Earlier this year, one study by London-based research center Demos, found over the course of three weeks that more than 6,500 British Twitter users were on the receiving end of 10,000 explicit, misogynistic tweets containing the slurs “slut” and “whore” and found 200,000 similar tweets were sent to 80,000 people around the world over the course of those same three weeks. This inspired female British politicians to launch the “Reclaim the Internet” campaign to look into sensible solutions for protecting users from harassment, pointing to existing laws protecting people from harassment in the physical public, and arguing that this should be mirrored online.

“Forty years ago women took to the streets to challenge attitudes and demand action against harassment on the streets. Today the internet is our streets and public spaces,” Yvette Cooper of the Labour Party told the Guardian. “Yet for some people online harassment, bullying, misogyny, racism or homophobia can end up poisoning the internet and stopping them from speaking out.”

The goal of protective policies against abuse is not to silence the other side, but protect vulnerable groups from dangerous hate speech. Threats of violence and targeted harassment are entirely distinguishable from mere disagreement and argument.

It must be recognized that internet “trolling” is far from a joke and has disproportionate effects on marginalized people’s abilities to express themselves. Taking measurable steps to protect their freedom of expression is an important step in the right direction.

2 replies
  1. Benjamin Roberts
    Benjamin Roberts says:

    Unfortunately I only read the first bit of this article because I was unable to get past the total nonsense and falsehood mentioned in the second paragraph, where Systrom is quoted as saying “…we need to promote a culture where everyone feels safe to be themselves without criticism or harassment.”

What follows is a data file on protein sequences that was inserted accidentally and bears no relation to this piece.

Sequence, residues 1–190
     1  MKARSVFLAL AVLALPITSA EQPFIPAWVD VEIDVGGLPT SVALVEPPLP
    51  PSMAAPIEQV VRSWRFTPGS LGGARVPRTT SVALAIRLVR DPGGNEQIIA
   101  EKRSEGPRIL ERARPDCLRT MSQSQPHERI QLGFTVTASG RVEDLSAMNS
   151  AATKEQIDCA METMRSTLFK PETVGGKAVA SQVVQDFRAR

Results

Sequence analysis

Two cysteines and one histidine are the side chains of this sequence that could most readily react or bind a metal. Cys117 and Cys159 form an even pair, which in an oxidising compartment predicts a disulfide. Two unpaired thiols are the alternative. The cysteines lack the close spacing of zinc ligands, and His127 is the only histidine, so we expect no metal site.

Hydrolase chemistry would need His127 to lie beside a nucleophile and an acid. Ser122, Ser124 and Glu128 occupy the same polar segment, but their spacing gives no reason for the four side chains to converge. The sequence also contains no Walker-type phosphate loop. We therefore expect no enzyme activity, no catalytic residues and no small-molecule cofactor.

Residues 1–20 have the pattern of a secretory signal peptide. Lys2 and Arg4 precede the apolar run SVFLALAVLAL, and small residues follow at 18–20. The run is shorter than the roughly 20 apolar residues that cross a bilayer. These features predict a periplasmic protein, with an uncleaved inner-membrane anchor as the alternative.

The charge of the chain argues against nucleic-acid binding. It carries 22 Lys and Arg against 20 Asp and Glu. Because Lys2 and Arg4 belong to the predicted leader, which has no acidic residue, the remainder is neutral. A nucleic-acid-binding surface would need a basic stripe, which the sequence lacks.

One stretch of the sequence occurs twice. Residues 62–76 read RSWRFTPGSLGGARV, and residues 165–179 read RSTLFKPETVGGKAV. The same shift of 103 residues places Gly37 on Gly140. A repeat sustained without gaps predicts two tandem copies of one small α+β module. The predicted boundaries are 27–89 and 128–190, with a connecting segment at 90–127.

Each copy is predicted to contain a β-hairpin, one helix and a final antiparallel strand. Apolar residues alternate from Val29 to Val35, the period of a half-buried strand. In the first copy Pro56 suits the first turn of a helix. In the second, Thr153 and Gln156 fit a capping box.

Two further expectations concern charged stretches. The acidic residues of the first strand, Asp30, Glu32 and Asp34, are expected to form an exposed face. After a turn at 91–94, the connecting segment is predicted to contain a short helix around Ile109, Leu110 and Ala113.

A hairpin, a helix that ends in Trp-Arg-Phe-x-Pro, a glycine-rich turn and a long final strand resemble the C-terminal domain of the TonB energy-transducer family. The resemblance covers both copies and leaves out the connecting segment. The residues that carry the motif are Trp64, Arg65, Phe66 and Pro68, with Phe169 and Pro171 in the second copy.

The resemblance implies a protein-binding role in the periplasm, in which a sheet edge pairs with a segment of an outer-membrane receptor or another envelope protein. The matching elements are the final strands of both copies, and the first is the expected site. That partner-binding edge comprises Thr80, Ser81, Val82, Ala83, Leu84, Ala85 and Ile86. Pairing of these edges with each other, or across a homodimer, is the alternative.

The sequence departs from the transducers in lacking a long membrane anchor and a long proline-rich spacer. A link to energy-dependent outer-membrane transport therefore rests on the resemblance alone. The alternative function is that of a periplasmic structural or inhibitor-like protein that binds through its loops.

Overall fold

Really? Because that is not how life in the real world works.

    More sage yet simple wisdom coming your way, so have a seat and focus: Of course we should be free to express ourselves in a fair and open society, but no you are absolutely NOT free or protected from criticism, or even harassment to some extent. That’s the real world folks. That’s adulthood. That’s mature living in a fair and open society. Go ahead and express yourself through word, deed, dress, music… however you like. But be prepared for others to disagree with you… to reply, respond, critique, or even sue! That’s how life works for everyone, but particularly if you take the extra step of expressing yourself on a social media platform.

    Also, don’t forget that freedom doesn’t exist in a vacuum. Freedom comes with an equal measure of responsibility. There’s always so much focus on freedoms and rights, but never enough on attendant responsibility.

  2. three fingers
    three fingers says:

    More proof that the anti-white establishment can’t defend its positions in open debate. The alt-right, despite a total lack of institutional power (not to mention funding) has won the argument about race and gender, so that the establishment has nothing left to resort to but censorship.